Irom Sharmila to end her fast: What it means to Manipur and struggle against AFSPA

Written by: Maitreyee Boruah

Imphal, Aug 9: In the Indian context, fasting holds a different meaning to different people and communities at large. If abstaining from food and drink is a popular belief in almost all the religions, leaders of protest movements in independent India, after being popularised by Mahatma Gandhi during our freedom struggle against the British rule, have hugely relied on hunger strikes to convey their messages to the authorities.

Be it anti-corruption crusader Anna Hazare or activist-turned-politician Arvind Kejriwal, several non-violent struggles in modern India have seen their leaders going on hunger strikes. However, none comes close to Manipur's Irom Sharmila's 16-year-long fast to demand the repeal of the draconian (as human rights activists say) Armed Forces (Special Powers) Act (AFSPA), 1958.

Irom: AFSPA & mother of all fasts

As the Iron Lady of Manipur (as Sharmila is popularly known) is all set to end her hunger strike on Tuesday in a courthouse in Imphal, a large number of media contingent and members of human rights organisations have already reached the capital city of the northeastern state.

Earlier on July 26, when the 44-year-old made the announcement in the court of the chief judicial magistrate, Imphal (West), to end her fast, her decision took everyone by surprise. She also said that she wanted to get married and contest the upcoming Manipur assembly elections next year as an independent candidate.

Right from her brother to her supporters, many took her decision with a pinch of salt and were reluctant to rally behind her. In fact, several groups have threatened her not to break her fast and marry an "outsider" (Goa-born British national Desmond Coutinho).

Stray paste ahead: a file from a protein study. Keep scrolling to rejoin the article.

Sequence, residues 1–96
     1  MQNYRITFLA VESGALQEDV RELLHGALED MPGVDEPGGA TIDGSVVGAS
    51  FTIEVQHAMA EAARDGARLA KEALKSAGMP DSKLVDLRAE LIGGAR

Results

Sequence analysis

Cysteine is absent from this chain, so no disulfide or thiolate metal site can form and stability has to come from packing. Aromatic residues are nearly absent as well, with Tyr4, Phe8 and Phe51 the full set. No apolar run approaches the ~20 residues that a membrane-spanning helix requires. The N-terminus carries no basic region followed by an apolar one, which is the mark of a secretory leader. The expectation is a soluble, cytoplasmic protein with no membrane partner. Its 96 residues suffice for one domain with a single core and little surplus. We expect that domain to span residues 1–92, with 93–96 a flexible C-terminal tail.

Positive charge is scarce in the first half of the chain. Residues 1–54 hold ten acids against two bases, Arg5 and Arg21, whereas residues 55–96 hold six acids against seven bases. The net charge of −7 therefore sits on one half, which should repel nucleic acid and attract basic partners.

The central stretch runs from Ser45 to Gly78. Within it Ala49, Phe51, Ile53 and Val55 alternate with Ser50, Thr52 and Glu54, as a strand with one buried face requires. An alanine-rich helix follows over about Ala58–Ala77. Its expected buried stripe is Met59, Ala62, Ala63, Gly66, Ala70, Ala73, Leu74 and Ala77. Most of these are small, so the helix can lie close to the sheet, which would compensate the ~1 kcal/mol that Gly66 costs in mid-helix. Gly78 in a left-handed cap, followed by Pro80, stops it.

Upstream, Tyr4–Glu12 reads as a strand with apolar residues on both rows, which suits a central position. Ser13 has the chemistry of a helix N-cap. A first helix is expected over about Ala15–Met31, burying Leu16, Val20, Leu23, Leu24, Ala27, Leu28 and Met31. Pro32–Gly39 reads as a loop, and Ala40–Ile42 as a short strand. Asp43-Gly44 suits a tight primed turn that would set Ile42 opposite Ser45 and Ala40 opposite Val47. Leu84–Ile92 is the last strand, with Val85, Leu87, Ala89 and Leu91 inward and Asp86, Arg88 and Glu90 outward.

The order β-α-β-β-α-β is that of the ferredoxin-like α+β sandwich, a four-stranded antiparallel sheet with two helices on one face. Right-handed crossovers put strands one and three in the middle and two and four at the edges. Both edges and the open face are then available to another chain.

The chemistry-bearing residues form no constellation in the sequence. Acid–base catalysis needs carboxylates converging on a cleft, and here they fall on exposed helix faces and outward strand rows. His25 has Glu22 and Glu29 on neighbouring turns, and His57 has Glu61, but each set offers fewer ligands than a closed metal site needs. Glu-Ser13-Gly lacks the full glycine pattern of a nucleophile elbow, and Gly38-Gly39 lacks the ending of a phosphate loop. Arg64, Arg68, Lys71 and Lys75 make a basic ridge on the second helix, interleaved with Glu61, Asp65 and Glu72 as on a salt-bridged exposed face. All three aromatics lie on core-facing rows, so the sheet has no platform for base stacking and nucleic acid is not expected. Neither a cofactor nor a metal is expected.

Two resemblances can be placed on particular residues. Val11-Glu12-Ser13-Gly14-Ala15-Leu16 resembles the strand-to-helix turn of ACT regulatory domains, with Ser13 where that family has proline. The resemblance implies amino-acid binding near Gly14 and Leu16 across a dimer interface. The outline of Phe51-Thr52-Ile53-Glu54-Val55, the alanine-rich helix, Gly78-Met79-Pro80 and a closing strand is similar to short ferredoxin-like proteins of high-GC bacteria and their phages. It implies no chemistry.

According to media reports, Alliance for Socialist Unity, formed by the Kangleipak Yawol Kunna Lup and the Kangleipak Communist Party, has asked her to continue her fast, reminding the 44-year-old of "some former revolutionary leaders who were assassinated" for joining politics and forgetting the cause they spent years fighting for.

Even the members of Meira Paibis (the grassroots women's rights group), who stood behind Sharmila since the beginning of her struggle, are critical of her desire to end her fast and start leading a normal life.

Amidst all the opposition, few voices of solidarity could be also heard just hours before Sharmila is all set to break her long and excruciating fast.

Imphal-based human rights activist, Babloo Loitongbam of Human Rights Alert, says that everyone has the freedom to express his or her opinion including the fasting woman as well as the groups and people who are opposing her latest decision. "Irom Sharmila is not a person who will cow down to diktats," Loitongbam, told reporters.

Sharmila, who over the years since her fast first began in 2000, continued with her almost "lonely" battle against AFSPA, confined to her bed in a prison-turned-hospital in Imphal. It is her lone and long struggle that gave her the status of a goddess.

While many of her followers believe that she is a divine incarnation, observers say that giving cult status to an individual could prove detrimental to the struggle itself. Close observers of Manipur's conflict-ridden history say the cause is more important than the individual. They say the focus should be on to repeal AFSPA, not on Sharmila's life.

However, in some fights, like the one started by Sharmila, it's the commitment of the leader for a cause that drives the movement forward. Thus, as Sharmila is starting a new chapter in her struggle against AFSPA, both the cause and leader should go in tandem to bring the desired result.

OneIndia News

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